Tesla is on track for its hiring and tax incentive goals in Nevada despite lagging in meeting production goals.
Nevada awarded Tesla a tax incentive package in 2014 amounting to $1.2 billion in tax breaks to make a $3.5 billion capital investment in Nevada by 2024.
Nearly three years in, the company has made an almost $2.7 billion capital investment.
“Tesla has met all of its benchmarks and exceeded the state’s goals,” said Mari St. Martin, spokeswoman for Gov. Brian Sandoval. “The company is a strong community partner and is a cornerstone of the new Nevada economy. Tesla’s incentives are performance-based, and the governor is confident in its ability to deliver.”
The electric car manufacturer’s $5 billion Gigafactory in Storey County east of Reno is a joint project of Tesla and Panasonic Energy Corp.
Tesla plans to expand the Gigafactory in modular units as demand grows for the lithium-ion batteries produced at the plant. Upon completion, the Gigafactory will be 10 million square feet.
About 1,400 full-time employees are working in the Gigafactory now, including 431 Panasonic Energy employees and 44 H&T Nevada LLC employees. H&T Battery Components is the world’s largest manufacturer of battery components and formed H&T Nevada LLC in 2015.
In its tax incentive agreement with Nevada, Tesla estimated it would need 6,500 employees in the Gigafactory by 2024.
So far, the state has awarded Tesla $114 million worth of tax credits. However, if the company does not meet its $3.5 billion capital investment by 2024, Tesla will have to reimburse the state.
On the whole, Tesla is behind in its production goals.
Citing production hiccups at the Gigafactory at the Tahoe Reno Industrial Center, company founder Elon Musk reported Oct. 2 that it produced just 220 Model 3s in the third quarter.
During a May financial call, Musk said he hoped for “5,000 vehicles per week at some point in 2017 and … 10,000 vehicles per week at some point in 2018.”
“There is nothing stopping Model 3 production except a production process that apparently doesn’t work,” said Sam Abuelsamid, senior research analyst at Navigant.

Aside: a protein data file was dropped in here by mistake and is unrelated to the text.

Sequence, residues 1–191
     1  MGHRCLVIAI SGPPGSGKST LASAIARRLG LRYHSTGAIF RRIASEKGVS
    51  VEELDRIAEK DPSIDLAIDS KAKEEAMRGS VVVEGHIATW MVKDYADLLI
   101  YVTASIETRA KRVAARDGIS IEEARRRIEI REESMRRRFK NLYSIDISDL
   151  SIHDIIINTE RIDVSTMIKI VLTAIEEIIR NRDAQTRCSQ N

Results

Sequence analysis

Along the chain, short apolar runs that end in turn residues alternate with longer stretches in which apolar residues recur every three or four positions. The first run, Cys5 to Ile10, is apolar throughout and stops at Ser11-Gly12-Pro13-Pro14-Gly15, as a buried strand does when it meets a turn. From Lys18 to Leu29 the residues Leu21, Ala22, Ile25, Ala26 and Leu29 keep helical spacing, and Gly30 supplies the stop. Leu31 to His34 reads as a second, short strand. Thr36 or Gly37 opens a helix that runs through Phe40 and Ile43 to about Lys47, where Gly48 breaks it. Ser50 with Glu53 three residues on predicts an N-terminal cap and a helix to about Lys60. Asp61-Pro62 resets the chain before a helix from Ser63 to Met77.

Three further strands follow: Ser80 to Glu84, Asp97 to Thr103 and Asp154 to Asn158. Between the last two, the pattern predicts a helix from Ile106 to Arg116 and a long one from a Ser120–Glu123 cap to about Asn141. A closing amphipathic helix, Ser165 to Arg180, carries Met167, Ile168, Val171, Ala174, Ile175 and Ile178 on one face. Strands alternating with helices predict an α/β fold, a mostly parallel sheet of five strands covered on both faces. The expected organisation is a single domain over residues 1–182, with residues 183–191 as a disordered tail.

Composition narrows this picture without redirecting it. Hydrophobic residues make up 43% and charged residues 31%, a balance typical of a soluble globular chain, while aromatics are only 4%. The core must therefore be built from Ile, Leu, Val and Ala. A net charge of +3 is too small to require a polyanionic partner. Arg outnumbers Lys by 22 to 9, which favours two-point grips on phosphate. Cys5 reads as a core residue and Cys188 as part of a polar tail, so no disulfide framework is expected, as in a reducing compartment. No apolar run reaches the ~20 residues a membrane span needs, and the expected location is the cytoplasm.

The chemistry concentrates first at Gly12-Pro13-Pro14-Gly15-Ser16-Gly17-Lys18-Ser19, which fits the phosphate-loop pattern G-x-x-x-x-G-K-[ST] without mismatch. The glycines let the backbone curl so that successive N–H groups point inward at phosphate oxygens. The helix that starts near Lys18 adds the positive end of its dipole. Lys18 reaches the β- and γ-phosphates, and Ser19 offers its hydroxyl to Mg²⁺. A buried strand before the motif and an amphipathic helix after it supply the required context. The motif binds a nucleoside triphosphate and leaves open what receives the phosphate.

Tesla is working to produce lithium-ion batteries in the Gigafactory using a battery module assembly line. Cells are packaged into modules, and then four modules are packaged into an aluminum case to form a Model 3 battery pack.
“The biggest challenge is that the first two zones of a four-zone process, key elements of which were done by manufacturing systems suppliers, had to be taken over and significantly redesigned by Tesla,” Musk said in the company’s third-quarter shareholder letter.
Musk said in an earnings call Nov. 1 that software had to be rewritten from scratch and that mechanical and electrical elements of one area of the plant had to be redone.
Tesla’s third quarter balance sheet shows the company lost $671 million in the past year and added more than $5.2 billion in liabilities.
“Using liabilities to fund research and development is fine,” Abuelsamid said. “The problem is that Tesla has consistently had to go back and raise cash to boost the bottom line of their balance sheet because they’re not generating enough cash from incoming revenues.”
At some point, selling more shares to raise money won’t be an option, he said.
Abuelsamid said he is pessimistic about Tesla’s prospects “unless they can fairly quickly sort out production issues with Model 3 and start churning out high volumes of those cars with excellent quality.”
If the company doesn’t start to generate some positive cash flow soon, it will be in real trouble, Abuelsamid said.
If that happened, Abuelsamid said, Tesla has enough brand value and physical assets between its assembly plant in Fremont, Calif., and its Gigafactory at the Tahoe Reno Industrial Center in Northern Nevada to reassure Nevada officials.
Even if Tesla were to hit hard financial times, “somebody will come along to rescue them,” Abuelsamid said.